Pope Benedict XVI- General Audiences
Evaluation of Turkish Trip
"The Affection and Cordiality That Surrounded Me …"
H.H. Benedict XVI
December 6, 2006
Dear Brothers and Sisters:
As is already customary after every apostolic journey, in this general
audience I would like to review the different stages of the pilgrimage I
made to Turkey from Tuesday to Friday of last week. A visit that, as you
know, did not seem easy from several points of view, but which God
supported from the start and that in this way was able to unfold
happily. Therefore, just as I had asked that it be prepared and
supported with prayer, now I ask you to join me in thanking the Lord for
its development and conclusion.
I entrust to him the fruits that I hope will result from it, be it for
relations with our Orthodox brothers or for dialogue with Muslims.
In the first place, I feel the duty to renew my cordial gratitude to the
president of the republic, to the prime minister, and to the other
authorities, who welcomed me with so much courtesy and ensured the
necessary conditions so that all would unfold in the best way.
I give thanks fraternally to the bishops of the Catholic Church in
Turkey and to their collaborators for all they have done.
I address special gratitude to Patriarch Bartholomew I, who welcomed me
in his home, to Armenian Patriarch Mesrob II, to Syro-Orthodox
Metropolitan Mor Filuksinos and to the other religious authorities.
Throughout the trip I felt particularly supported by my venerated
predecessors, the Servants of God Paul VI and John Paul II, who
undertook a memorable visit to Turkey, and especially to Blessed John
XXIII, who was papal representative in that noble country from 1935 to
1944, leaving a memory full of affection.
Going back to the vision that the Second Vatican Council presents of the
Church (cf. constitution "Lumen Gentium," Nos. 14-16), I might say that
the Pope's trips also contributed to carry out his mission that takes
place in "concentric circles." In the innermost circle the Successor of
Peter confirms Catholic faithful in the faith, in the intermediate
circle he meets the other Christians, and in the farthest out he
addresses non-Christians and the whole of humanity.
The first day of my visit to Turkey took place in the ambit of this
third "circle," the largest. I met with the prime minister, the
president of the republic, and the president for religious affairs,
addressing my first speech to the latter. I rendered homage at the
mausoleum of the "father of the homeland," Mustafa Kemal Ataturk, and
afterward I had the possibility to talk to the diplomatic corps in the
Apostolic Nunciature of Ankara.
This intense series of meetings was an important part of the visit,
especially because Turkey is a country which is predominantly Muslim,
which is governed by a constitution that affirms the state's secularism.
It is, therefore, a country which constitutes an emblem of the great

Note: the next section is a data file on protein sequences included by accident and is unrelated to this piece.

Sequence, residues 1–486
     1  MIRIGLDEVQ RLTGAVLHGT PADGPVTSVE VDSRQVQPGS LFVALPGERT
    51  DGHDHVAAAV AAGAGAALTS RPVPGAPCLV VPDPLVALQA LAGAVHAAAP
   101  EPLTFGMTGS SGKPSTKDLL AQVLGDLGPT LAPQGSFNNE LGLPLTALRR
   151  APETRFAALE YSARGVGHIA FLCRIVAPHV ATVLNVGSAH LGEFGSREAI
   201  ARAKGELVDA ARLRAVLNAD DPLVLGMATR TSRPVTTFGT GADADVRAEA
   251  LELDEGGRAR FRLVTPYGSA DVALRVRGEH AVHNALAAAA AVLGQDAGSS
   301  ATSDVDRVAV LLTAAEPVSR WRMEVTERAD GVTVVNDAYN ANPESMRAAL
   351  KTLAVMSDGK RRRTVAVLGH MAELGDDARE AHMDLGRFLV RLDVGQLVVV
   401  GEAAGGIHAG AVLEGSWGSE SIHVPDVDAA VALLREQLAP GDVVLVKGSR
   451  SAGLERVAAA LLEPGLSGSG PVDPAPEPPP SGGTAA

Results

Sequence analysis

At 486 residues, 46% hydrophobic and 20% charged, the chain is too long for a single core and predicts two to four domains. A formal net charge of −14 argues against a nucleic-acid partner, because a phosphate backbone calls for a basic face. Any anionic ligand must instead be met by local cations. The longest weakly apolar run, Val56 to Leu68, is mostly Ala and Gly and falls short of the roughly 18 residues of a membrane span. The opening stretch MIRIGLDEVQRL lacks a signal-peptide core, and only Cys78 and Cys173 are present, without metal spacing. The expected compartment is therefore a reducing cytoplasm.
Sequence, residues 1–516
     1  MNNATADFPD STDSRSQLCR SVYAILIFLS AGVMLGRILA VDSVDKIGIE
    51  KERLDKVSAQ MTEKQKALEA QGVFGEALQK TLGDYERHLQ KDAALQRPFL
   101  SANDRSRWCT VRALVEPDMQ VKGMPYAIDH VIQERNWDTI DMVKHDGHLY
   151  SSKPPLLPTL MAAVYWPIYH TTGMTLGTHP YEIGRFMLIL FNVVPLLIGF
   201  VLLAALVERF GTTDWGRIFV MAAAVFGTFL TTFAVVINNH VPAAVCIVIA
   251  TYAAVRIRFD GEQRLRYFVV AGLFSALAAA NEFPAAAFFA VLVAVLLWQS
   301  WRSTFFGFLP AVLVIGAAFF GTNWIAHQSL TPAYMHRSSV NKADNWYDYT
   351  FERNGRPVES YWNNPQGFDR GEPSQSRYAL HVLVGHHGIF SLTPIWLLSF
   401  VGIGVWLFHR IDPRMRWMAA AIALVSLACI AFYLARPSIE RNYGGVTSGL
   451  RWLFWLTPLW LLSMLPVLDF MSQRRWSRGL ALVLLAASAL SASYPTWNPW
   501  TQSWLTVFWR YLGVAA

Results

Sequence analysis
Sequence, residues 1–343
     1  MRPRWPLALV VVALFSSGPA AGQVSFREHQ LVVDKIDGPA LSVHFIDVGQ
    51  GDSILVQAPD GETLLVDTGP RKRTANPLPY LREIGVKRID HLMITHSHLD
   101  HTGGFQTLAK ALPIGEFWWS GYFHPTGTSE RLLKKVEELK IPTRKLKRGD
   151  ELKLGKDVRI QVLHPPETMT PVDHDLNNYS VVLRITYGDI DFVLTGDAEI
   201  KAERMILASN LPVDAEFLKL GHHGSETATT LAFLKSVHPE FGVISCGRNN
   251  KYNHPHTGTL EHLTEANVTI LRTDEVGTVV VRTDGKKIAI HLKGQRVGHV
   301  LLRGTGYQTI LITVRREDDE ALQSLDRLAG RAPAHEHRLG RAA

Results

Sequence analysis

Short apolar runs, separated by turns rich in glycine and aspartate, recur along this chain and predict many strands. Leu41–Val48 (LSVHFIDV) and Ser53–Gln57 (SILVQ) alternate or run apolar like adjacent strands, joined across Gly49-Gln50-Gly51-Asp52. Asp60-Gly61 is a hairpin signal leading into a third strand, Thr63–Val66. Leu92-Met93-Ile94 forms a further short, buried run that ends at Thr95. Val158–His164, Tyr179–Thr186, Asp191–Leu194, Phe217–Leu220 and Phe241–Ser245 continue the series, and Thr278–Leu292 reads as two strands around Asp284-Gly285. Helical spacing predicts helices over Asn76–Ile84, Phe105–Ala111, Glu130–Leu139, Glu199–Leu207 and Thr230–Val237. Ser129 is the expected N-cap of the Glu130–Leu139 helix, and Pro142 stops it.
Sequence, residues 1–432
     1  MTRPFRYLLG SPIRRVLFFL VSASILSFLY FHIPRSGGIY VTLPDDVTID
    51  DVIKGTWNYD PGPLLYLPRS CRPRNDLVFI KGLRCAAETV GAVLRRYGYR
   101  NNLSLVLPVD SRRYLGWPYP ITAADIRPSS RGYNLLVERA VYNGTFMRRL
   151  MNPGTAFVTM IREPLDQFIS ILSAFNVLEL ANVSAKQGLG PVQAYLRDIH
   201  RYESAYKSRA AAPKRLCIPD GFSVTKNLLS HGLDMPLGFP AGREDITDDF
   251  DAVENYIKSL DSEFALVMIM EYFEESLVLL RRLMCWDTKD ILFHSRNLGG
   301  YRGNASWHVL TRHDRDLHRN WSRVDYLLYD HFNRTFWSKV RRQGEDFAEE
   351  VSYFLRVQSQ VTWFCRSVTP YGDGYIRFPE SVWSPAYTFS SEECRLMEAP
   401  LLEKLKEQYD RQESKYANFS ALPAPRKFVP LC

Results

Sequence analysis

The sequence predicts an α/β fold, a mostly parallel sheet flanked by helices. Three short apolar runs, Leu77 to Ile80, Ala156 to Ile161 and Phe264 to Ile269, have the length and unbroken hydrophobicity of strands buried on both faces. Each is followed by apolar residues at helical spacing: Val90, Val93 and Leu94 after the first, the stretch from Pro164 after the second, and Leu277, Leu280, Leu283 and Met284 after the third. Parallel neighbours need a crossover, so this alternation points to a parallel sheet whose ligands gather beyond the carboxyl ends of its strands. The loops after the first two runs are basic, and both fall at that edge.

challenge posed today at the world level. On one hand, it is necessary
to rediscover the reality of God, the public importance of religious
faith and, on the other, to guarantee that the expression of that faith
is free, without fundamentalist degenerations and capable of rejecting
firmly any form of violence.
Therefore, I had the suitable opportunity to renew my sentiments of
esteem to Muslims and to the Islamic civilization. At the same time I
was able to insist on the importance that Christians and Muslims commit
themselves together in favor of the human being, of life, of peace and
of justice, reaffirming that the distinction between the civil and
religious spheres constitutes a value and that the state must guarantee
to the citizens and the religious communities effective freedom of
In the ambit of interreligious dialogue, Divine Providence allowed me to
carry out, almost at the end of my trip, a gesture that initially was
not foreseen and which revealed itself extremely significant: the visit
to the Blue Mosque in Istanbul. Remaining recollected for a few minutes
in that place of prayer, I turned to the only Lord of heaven and earth,
merciful Father of the whole of humanity, and implored that all
believers might recognize themselves as creatures and give witness of
The second day took me to Ephesus, and I thus found myself rapidly in
the innermost "circle" of the trip, in direct contact with the Catholic
community. In Ephesus, in fact, in a pleasant place called
"Nightingale's Hill," looking over the Aegean Sea, is the Shrine of
Mary's House. It is an ancient and small chapel that has arisen around
the little house that, according to a very ancient tradition, the
Apostle John built for the Virgin Mary, after going with her to Ephesus.
Jesus himself had entrusted them to one another when, before dying on
the cross, he said to Mary: "Woman, behold, your son!" and to John
:"Behold, your mother!" (John 19:26-27).
Archaeological investigations have demonstrated that this place has been
since time immemorial a place of Marian devotion, loved also by Muslims,
who go there regularly to venerate her whom they call "Meryem Ana,"
Mother Mary. In the garden next to the shrine I celebrated holy Mass for
a group of faithful who had come from nearby Izmir and other parts of
Turkey, as well as from abroad. We felt truly "at home" in "Mary's